approach needs to be accompanied by society or culture
sympathetic to the rule of law. Law enforcement and regulatory
systems function more effectively in myriad ways when bolstered
by a sympathetic culture – a culture of lawfulness.
A culture of lawfulness means that the dominant culture, ethos,
and thought in a society are sympathetic to the rule of Law as
distinct from rule by Law. Without such a culture of lawfulness,
there would almost certainly be more crime. Most people act in a
manner consistent with the Law because of their expectations
that others will behave similarly and that this is best for
everyone. In the absence of a culture of lawfulness, many will
be freer to satisfy their immediate needs and preferences, even
in the presence of elaborate laws. That is really where we find
On the other hand,
without laws and law enforcement, the culture of lawfulness, on
its own, is unlikely to provide for the rule of Law. There must
be specific processes for rule making and rule enforcing. The
culture needs enforcement, but the enforcers need the culture,
otherwise, society might be swamped by the violation of laws, or
a pervasive police presence would be needed to control
criminality. At the same time, the rule of law protects society
from the excesses of Law enforcement.
The rule of law
without a culture of lawfulness is not really feasible; the rule
of Law without such a culture is also not really desirable.
Without a culture of lawfulness, law enforcement is futile.
Without law enforcement, the promise of democracy cannot be
fulfilled. Increasing public awareness of these propositions is
important. Government may have a lead role in providing a lawful
environment for the citizenry, but civic, religious,
labour, cultural, and social organizations at all levels of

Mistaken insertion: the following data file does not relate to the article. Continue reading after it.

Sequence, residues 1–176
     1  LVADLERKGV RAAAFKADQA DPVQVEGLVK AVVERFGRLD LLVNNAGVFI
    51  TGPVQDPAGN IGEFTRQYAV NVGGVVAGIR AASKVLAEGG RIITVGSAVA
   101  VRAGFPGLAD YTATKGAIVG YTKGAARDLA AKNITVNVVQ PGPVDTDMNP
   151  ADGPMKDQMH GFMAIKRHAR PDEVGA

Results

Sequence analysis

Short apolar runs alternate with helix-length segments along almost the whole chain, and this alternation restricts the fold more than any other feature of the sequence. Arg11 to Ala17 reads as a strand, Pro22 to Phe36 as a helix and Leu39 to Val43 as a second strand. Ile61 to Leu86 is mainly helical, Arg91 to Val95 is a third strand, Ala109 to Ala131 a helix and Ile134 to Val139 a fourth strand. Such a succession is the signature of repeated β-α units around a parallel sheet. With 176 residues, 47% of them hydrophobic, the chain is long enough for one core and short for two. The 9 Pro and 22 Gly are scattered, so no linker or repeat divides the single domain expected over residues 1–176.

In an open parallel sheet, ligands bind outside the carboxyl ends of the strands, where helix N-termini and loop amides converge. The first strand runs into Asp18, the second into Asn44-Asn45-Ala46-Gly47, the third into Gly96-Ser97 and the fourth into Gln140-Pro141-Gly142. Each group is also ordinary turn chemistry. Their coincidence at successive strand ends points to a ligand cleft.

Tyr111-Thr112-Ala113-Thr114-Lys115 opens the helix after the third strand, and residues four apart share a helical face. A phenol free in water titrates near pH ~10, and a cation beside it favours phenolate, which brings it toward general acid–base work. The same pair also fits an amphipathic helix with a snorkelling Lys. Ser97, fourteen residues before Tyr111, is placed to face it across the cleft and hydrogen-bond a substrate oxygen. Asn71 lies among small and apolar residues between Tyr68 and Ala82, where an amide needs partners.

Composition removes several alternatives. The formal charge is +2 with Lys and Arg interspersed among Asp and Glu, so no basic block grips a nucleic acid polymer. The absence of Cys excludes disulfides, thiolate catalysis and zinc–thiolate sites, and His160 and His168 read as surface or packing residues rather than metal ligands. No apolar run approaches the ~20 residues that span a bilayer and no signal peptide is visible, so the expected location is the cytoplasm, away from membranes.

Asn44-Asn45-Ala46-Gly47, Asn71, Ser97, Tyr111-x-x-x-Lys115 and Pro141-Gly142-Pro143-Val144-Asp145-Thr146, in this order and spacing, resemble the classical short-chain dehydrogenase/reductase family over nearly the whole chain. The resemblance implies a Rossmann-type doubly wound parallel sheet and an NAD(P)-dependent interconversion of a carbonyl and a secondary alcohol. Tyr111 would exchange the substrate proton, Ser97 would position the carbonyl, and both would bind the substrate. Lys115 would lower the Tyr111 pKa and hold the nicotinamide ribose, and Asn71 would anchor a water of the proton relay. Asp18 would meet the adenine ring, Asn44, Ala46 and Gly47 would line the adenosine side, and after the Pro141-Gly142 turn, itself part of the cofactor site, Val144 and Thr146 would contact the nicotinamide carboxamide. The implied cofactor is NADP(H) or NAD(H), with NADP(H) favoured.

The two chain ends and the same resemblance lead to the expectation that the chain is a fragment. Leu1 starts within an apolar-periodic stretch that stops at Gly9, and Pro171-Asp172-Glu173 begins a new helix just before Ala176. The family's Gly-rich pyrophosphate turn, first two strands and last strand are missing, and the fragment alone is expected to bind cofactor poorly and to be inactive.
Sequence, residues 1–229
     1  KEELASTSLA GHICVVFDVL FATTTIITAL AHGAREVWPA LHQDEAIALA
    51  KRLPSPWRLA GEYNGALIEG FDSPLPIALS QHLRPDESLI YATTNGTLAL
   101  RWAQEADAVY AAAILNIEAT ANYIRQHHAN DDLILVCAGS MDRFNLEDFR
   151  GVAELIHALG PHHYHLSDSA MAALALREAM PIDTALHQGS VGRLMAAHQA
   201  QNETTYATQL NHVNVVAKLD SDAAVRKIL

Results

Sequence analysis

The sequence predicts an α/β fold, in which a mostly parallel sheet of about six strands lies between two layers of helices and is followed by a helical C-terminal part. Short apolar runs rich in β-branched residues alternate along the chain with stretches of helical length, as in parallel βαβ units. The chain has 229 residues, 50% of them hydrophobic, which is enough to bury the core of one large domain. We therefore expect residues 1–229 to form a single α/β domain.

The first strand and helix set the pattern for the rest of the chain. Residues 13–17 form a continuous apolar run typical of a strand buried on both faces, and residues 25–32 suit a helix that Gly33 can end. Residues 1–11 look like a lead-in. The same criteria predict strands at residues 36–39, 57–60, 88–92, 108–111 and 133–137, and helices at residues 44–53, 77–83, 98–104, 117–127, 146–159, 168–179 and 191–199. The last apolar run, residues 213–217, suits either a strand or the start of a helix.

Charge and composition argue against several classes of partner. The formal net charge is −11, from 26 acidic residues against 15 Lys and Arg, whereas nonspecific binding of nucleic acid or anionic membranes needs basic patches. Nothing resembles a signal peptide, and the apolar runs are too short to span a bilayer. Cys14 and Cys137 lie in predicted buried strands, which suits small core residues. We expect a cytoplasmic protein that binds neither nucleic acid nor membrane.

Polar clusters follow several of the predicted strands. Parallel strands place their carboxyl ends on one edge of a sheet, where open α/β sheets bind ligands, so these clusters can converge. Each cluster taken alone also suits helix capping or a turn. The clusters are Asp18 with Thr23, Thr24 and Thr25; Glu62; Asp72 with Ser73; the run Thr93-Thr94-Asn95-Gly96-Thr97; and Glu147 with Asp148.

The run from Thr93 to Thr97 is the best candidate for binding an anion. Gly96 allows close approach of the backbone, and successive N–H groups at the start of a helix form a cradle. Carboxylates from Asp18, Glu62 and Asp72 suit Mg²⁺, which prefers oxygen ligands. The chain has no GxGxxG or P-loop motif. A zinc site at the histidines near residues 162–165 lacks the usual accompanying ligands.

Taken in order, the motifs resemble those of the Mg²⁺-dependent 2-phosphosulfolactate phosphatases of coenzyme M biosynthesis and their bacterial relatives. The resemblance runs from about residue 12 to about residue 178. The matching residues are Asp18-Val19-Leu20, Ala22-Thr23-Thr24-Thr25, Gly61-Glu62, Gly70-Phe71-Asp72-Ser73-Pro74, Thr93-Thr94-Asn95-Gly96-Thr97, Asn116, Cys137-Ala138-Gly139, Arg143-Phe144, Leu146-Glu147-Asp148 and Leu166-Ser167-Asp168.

society have important roles to play.
contribute to a culture of lawfulness, but one of the most
important elements, education, has been overlooked in campaigns
to reduce crime and corruption. Relying on law enforcement alone
to stem the tide in these twin evils is neither feasible nor
desirable. There is the need to look to education and culture –
to grassroots prevention - to augment the traditional fight
against crime and corruption. As the story of Palermo, Sicily,
Italy shows, civic education or education for democracy, can
significantly help build the culture of lawfulness.
educating the citizenry is essential. Mass civic education is
necessary to improve citizens’ substantive knowledge about crime
and corruption, and influence of their attitude. These do not
come automatically, especially to young persons. Systematic,
formal, and less formal education programmes in schools,
professional associations, trade unions, and the workplace, as
well as religious institutions appear to make a difference when
they go hand-in-hand with regulatory practices.
The cognitive or
knowledge based goals of an educational programme on crime and
corruption would enable citizens explain why society needs to
develop and maintain a culture of lawfulness, describe how crime
and corruption threaten the values and institutions of society
and a culture of lawfulness; and identify measures that could be
taken by themselves (citizens) and society to promote a culture
of lawfulness and to resist the attraction to and acceptance of
crime and corruption.
Building a culture of
lawfulness does not take eternity. In “Guide to Developing a
Culture of Lawfulness”, Dr. Roy Godson, Professor of Government,
Georgetown University, asserted that
elements of a culture of lawfulness can be built in a relatively
short time frame – within one generation”. The methods,
techniques, and processes that have been successful in other
jurisdictions e.g. Hong Kong and Sicily between the late 1970s
and the late 1990s, demonstrate that it is possible to shift a
culture and bolster the rule of law even in areas where crime,
corruption, and poverty have been prevalent for decades.
The phenomenon of
crime and corruption is increasingly complex. To confront it,
better planned and more scientific and technologically sound
instruments, resources, regulations, and actions are required.
Education is and will be an essential and irreplaceable
instrument as we strive toward the achievement of curbing the
scourge of crime and corruption in Nigeria.
Hon. Nimi Walson-Jack
Public Education Works Initiative
Hon. Nimi Walson-Jack
is the Vice President, Civitas International, a non-governmental
organization dedicated to civic education in educational
institutions and the community. Hon. Walson-Jack was the General
Secretary of the Nigerian Bar Association (2004-2006), and a
former Electoral Commissioner, Rivers State Independent
Electoral Commission. He is a Lawyer, public speaker and civic
educator, resident in Port Harcourt, Rivers State, Nigeria